Texas Truck Accident Victims Should Look Beyond The Negligent Truck Driver’s Log Books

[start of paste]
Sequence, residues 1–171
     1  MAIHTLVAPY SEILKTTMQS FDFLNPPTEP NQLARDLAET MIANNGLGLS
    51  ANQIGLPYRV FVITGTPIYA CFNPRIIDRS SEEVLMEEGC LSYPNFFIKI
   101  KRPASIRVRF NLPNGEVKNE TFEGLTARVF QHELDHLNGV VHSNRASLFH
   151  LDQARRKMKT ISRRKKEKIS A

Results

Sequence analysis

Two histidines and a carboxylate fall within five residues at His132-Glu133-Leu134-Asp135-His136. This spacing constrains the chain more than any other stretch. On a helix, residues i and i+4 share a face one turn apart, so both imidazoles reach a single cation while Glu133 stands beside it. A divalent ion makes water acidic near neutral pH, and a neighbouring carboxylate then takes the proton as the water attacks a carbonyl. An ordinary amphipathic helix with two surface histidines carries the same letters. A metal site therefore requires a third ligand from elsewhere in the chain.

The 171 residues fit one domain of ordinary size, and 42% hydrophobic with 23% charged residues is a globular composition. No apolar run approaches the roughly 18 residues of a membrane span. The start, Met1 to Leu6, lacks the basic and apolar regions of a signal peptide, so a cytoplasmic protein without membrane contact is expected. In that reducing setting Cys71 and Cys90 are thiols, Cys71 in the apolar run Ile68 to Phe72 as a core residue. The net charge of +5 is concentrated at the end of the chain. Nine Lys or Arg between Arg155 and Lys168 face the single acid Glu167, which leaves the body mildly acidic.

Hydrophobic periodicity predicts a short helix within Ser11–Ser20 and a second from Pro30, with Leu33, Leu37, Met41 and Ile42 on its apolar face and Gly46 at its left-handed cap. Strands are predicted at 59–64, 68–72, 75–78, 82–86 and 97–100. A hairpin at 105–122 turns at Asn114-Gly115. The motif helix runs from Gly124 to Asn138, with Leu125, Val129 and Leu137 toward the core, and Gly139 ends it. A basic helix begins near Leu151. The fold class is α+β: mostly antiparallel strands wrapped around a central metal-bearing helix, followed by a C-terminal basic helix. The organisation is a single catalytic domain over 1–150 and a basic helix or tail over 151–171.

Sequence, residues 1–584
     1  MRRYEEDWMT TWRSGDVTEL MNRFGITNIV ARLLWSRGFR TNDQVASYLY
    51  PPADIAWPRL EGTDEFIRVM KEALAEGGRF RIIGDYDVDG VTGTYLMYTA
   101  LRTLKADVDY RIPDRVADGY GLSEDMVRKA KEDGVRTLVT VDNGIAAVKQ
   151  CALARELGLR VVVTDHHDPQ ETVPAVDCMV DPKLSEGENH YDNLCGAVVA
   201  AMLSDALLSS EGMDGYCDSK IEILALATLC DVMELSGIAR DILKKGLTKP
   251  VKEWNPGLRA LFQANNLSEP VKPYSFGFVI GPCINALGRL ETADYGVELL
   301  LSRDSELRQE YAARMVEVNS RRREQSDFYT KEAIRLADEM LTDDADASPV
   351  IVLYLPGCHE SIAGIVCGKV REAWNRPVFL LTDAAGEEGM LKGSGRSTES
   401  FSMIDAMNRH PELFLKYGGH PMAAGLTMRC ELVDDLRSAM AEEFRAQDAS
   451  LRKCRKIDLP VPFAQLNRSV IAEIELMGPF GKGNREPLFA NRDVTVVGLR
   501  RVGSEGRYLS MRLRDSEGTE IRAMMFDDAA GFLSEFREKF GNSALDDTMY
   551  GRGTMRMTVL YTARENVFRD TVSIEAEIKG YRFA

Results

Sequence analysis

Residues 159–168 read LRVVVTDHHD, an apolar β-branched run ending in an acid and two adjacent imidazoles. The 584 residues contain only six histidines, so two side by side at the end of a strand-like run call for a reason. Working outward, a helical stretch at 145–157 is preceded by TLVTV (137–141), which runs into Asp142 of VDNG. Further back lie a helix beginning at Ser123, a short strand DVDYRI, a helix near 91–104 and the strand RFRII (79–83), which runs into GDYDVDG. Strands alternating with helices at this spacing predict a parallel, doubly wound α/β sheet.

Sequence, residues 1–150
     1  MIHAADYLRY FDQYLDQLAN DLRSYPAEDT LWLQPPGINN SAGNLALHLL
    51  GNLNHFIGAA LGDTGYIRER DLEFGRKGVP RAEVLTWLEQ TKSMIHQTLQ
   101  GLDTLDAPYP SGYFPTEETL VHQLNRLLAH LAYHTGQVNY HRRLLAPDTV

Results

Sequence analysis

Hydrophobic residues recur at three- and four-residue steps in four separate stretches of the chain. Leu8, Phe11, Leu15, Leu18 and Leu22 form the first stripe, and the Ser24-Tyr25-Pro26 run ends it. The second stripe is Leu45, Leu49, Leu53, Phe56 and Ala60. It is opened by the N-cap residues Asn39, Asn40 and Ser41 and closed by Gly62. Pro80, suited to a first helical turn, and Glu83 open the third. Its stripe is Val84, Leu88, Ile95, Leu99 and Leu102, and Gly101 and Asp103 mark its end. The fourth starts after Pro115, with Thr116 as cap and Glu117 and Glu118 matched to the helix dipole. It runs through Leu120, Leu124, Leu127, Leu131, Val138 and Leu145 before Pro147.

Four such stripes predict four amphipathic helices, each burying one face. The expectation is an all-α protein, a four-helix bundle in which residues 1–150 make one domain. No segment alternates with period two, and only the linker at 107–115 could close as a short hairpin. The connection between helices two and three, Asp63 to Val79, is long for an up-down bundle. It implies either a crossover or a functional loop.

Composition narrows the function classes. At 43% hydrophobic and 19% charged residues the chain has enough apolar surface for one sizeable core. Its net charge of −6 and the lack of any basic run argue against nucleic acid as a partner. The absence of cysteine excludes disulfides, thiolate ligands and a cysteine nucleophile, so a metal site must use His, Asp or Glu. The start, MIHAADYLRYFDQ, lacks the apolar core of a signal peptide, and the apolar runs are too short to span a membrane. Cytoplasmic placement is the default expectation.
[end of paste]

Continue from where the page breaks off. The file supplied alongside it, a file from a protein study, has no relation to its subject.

During the twenty-five years that I have been handling truck accident cases I’ve run across a number of truck drivers who had exceeded the maximum allowable driving time. Department of Transportation regulations limit a truck driver to a maximum of eleven hours driving and fourteen hours on duty before he must go off duty for a ten hour period of rest. Yet I’ve never seen a set of truck driver’s log books that accurately showed the number of hours that the driver had been on duty when he had in fact exceeded the maximum allowable on duty hours. Proving that a truck driver has actually been driving for more than eleven hours or on duty for more than fourteen hours requires a comprehensive investigation and analysis of many different factors. The investigation starts with the hours that the truck driver will admit that he was driving or on duty. The “on duty” and “off duty” times thereby set the alleged starting and ending point of the day’s driving. Then the investigation moves to the identification of activities which can be documented as to time and place. Good examples of this documentation include fuel tickets, traffic citations, toll tickets, toll booth videos, fuel station security videos, delivery receipts, GPS data and cellular phone records. This information is combined with the distance traveled and the posted speed limits along the route traveled. By using this documentation and information to determine the trucker’s location along his designated route at various known times it can often be established that the driver necessarily must have been driving in excess of the maximum allowable time. With this information you can prove that the trucker falsified his log books, exceeded the maximum allowable driving hours, and probably committed perjury.

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